The amplification effect of social media platforms — combined with cynical tricks used by hate peddlers to game algorithms, such as bots retweeting and liking content to make it seem more popular than it is — makes this stuff a major, major problem.

‘Bad speech’ on such powerful platforms can become not just something to roll your eyes at and laughingly dismiss, but a toxic force that bullies, beats down and drowns out other types of speech — perhaps most especially truthful speech, because falsehood flies (and online it’s got rocket fuel) — and so can have a very deleterious impact on conversational health.

Really, it needs to be handled in a very different way. Which means Twitter’s position on Jones, and hateful anti-truthers in general, looks both flawed and weak.

It’s also now looking increasingly isolated, as other tech platforms are taking action.

Twitter’s spokesman also implied the company is working on tuning its systems to actively surface high quality counter-narratives and rebuttals to toxic BS — such as in replies to known purveyors of fake news like InfoWars.

But while such work is to be applauded, working on a fix also means you don’t actually have a fix yet. Meanwhile the lies you’re not stopping are spreading on your platform — at horrible and high cost to people and society.

It’s hard to see this as a defensible position.

And while Twitter keeps sitting on its fence, Jones’ hate speech and toxic lies, broadcast to millions as a weapon of violent disinformation, have got his video show booted from YouTube (which, after first issuing a strike yesterday then terminated his page for “violating YouTube’s Community Guidelines”).

The platform had removed ads from his channel back in March — but had not then (as Jones falsely claimed at the time) banned it. That decision took another almost half year for YouTube to arrive at.

Also yesterday, almost all of Jones’ podcasts were pulled by Apple, with the company saying it does not tolerate hate speech. “We believe in representing a wide range of views, so long as people are respectful to those with differing opinions,” it added.

Earlier this month, music streaming service Spotify also removed some of Jones’ podcasts for violating its hate-speech policy.

Even Facebook removed a bunch of Jones’ videos late last month, for violating its community standards — albeit after some dithering, and what looked like a lot of internal confusion.

The social media behemoth also imposed a 30-day ban on Jones’ personal account for posting the videos, and served him a warning notice for the InfoWars Facebook Page he controls.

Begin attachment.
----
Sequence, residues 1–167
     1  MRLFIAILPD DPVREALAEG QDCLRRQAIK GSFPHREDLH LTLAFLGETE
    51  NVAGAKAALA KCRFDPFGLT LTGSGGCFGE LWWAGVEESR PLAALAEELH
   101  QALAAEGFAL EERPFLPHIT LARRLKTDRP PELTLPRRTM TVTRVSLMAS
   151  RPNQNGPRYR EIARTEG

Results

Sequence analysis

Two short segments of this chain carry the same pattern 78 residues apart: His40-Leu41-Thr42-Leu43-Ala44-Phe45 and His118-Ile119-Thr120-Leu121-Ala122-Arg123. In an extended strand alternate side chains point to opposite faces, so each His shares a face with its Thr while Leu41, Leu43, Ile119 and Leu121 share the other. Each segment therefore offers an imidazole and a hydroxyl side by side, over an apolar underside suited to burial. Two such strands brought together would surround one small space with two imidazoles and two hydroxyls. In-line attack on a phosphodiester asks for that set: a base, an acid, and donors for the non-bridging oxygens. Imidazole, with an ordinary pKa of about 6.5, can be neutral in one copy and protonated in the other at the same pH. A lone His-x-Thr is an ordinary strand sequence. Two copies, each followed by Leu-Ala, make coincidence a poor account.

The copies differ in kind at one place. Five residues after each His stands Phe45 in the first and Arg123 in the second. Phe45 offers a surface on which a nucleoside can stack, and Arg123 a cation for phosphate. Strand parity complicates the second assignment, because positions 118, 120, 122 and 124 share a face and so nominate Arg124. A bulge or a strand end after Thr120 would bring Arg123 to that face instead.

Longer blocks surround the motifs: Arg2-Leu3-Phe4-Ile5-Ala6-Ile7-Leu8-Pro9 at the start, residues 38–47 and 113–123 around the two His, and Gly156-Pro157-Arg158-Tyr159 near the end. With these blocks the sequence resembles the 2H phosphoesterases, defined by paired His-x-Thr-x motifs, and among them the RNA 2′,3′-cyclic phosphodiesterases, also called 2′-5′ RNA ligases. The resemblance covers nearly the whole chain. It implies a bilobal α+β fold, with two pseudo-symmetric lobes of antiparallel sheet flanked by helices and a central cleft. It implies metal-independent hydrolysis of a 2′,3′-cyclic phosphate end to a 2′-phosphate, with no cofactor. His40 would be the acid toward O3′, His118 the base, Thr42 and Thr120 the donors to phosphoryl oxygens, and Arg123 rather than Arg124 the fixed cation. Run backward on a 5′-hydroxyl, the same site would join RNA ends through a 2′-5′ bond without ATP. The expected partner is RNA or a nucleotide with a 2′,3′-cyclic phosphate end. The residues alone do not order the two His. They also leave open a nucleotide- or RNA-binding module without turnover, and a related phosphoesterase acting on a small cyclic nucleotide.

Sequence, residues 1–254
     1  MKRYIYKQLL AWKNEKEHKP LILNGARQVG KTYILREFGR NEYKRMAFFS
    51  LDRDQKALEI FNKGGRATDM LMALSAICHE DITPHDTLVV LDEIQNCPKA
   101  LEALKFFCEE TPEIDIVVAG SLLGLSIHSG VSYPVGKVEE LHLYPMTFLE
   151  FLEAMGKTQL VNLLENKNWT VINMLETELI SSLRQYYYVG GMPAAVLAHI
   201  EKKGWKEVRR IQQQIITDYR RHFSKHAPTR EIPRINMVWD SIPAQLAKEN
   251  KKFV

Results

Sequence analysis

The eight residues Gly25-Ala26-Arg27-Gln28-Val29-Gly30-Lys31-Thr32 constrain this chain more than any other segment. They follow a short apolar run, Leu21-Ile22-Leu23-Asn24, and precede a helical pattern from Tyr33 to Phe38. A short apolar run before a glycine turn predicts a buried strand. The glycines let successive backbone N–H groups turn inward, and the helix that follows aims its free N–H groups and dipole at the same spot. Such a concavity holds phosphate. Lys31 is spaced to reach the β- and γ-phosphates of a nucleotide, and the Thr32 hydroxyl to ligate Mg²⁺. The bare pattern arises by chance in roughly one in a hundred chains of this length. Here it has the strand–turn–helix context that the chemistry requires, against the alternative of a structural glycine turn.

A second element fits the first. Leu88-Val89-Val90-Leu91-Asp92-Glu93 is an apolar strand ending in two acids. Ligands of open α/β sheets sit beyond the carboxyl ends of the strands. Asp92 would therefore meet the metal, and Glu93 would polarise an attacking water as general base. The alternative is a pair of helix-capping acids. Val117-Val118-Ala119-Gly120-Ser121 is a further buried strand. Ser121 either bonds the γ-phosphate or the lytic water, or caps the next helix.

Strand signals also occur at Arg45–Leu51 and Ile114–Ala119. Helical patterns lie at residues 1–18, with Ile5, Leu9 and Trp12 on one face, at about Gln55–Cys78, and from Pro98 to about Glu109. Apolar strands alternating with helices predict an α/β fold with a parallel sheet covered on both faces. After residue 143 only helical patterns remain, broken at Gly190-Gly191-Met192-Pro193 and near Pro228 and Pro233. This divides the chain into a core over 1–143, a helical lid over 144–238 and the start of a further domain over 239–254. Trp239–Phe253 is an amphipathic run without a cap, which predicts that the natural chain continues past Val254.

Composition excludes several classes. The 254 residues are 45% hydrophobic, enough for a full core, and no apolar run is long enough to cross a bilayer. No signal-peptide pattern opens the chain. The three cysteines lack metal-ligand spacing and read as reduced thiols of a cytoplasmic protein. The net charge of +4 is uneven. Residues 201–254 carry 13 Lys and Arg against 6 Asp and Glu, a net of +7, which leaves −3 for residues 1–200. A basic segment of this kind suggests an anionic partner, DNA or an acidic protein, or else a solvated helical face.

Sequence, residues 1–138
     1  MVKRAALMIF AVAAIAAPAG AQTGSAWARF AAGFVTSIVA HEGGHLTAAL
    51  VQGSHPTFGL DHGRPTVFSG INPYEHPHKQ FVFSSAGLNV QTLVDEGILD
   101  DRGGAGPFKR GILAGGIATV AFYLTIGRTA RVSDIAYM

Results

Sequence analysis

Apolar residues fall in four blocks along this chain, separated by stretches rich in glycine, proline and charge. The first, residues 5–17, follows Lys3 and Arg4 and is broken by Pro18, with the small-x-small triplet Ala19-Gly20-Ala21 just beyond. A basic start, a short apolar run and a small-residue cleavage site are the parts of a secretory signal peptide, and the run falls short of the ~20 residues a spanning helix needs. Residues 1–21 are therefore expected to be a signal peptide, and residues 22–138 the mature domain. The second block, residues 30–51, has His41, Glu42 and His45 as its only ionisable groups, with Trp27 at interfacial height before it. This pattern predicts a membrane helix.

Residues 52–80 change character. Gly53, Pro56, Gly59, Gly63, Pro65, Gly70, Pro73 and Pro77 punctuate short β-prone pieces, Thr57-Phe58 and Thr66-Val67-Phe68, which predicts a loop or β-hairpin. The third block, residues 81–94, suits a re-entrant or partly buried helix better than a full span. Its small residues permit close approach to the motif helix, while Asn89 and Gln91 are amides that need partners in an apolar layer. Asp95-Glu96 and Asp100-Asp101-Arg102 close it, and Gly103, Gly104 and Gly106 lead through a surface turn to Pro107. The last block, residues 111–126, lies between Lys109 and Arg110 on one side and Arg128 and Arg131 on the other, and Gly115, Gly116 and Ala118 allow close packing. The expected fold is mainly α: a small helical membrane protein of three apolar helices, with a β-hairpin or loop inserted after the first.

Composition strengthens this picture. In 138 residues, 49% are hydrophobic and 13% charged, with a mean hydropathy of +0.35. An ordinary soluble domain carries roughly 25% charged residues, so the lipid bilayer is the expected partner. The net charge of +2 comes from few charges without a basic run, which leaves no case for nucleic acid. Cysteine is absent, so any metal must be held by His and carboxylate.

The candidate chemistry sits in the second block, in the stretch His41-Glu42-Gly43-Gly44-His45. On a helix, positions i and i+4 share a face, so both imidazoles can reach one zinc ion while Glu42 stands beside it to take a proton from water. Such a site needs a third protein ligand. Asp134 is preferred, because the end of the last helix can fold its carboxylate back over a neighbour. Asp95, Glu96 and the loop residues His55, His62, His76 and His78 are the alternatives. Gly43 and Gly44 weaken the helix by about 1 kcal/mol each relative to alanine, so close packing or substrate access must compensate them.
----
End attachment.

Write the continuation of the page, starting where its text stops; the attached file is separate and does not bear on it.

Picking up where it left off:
Facebook later clarified it had banned Jones’ personal profile because he had previously received a warning — whereas the InfoWars Page had not, hence the latter only getting a strike.

There have even been bans from some unlikely quarters: YouPorn just announced action against Jones for a ToS violation — nixing his ability to try to pass off anti-truth hate preaching as a porn alternative on its platform.

Pinterest, too, removed Jones’ ‘hate, lies & supplements’ page after Mashable made enquiries.

So, uh, other responses than Twitter’s (of doing nothing) are widely possible.

On Twitter, Jones also benefits from being able to distinguish his account from any would-be imitators or satirists, because he has a verified account — denoted on the platform by a blue check mark badge.

We asked Twitter why it hasn’t removed Jones’ blue badge — given that the company has, until relatively recently, been rethinking its verification program. And last year it actively removed blue badges from a number of white supremacists because it was worried it looked like it had been endorsing them. Yet Jones — who spins the gigantic lie of ‘white genocide’ — continues to keep his.

Twitter’s spokesman pointed us to this tweet last month from product lead, Kayvon Beykpour, who wrote that updating the program “isn’t a top priority for us right now”.

Beykpour went on to explain that while Twitter had “paused” public verification last November (because “we wanted to address the issue that verifying the authenticity of an account was being conflated with endorsement”), it subsequently paused its own ‘pause for thought’ on having verified some very toxic individuals, with Beykpour writing in an email to staff in July:

Though the current state of Verification is definitely not ideal (opaque criteria and process, inconsistency in our procedures, external frustration from customers), I don’t believe we have the bandwidth to address this holistically (policy, process, product, and a plan around how & when these fit together) without coming at the cost of our other priorities and distracting the team.